So what's to come of Sriracha? Will it just live harmlessly and sans cachet as a regular condiment that our kids and their kids will take for granted when they pull their drones up to a 3D food printer? I remember my grandfather once going on a rant about how, when he was young, there was only one kind of mustard, and now there are 700, and though this eventually turned into a tirade against the Japanese during World War II, the point is that, after all the hoopla and breathless press and hipster fetishization and rejections, we might just be seeing the process through which our generation accepts a new product as part of its life. Sriracha could be our 700 mustards.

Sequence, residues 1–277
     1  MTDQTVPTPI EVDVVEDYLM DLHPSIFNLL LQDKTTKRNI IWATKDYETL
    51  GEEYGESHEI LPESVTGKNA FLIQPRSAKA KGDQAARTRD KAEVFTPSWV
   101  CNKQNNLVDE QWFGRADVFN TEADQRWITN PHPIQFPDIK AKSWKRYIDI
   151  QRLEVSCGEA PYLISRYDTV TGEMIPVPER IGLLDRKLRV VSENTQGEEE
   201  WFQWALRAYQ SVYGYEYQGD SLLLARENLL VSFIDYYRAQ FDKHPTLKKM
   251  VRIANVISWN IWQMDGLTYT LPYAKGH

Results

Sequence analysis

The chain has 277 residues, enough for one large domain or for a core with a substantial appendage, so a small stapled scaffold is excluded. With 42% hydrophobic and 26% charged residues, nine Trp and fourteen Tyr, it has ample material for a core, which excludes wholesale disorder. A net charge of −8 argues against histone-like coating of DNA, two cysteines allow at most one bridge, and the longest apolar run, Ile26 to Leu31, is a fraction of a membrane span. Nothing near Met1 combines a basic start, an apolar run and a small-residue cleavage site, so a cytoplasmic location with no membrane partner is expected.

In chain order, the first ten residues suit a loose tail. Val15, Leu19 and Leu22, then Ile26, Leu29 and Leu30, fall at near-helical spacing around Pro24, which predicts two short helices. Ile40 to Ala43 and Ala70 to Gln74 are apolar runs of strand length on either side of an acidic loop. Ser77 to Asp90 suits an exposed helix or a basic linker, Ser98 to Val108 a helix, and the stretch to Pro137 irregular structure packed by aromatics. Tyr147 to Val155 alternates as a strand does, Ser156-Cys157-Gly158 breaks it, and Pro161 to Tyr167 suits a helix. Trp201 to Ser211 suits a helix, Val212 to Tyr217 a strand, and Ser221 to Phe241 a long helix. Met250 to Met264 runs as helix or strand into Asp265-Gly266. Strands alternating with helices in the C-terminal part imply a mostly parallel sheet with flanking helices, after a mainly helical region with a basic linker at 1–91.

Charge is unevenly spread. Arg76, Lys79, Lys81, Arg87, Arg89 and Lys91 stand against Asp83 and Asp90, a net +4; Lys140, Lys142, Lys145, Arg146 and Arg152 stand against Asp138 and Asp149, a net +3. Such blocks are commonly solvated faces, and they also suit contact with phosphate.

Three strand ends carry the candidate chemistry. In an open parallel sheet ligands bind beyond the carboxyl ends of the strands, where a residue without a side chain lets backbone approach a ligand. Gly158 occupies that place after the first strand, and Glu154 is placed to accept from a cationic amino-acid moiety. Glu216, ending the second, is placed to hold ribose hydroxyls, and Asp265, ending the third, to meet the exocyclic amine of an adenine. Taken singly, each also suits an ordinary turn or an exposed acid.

Or it could just be a Babson case study on what can happen when the Internet wrestles control of a product's narrative away from the company that made it, and forces that company to play catch up monetizing its own thing after the Internet's fickle focus has shifted somewhere else. Last year, Huy Fong finally began expanding into other products, announcing a deal with Washington-based POP! Gourmet Foods to release a line of official Huy Fong Sriracha foods (popcorn chips, ketchup, and croutons), and opening a gift shop at the factory, selling -- as Lam detailed in an email -- "T-shirts, boxers, aprons, socks, lunchboxes, playing cards, beer, giant inflatables, plushy, sippy cups, shot glasses, coffee mugs, keychains, beef jerky, popcorn, chips, etc." Products, she wrote, "that appeal to everyone."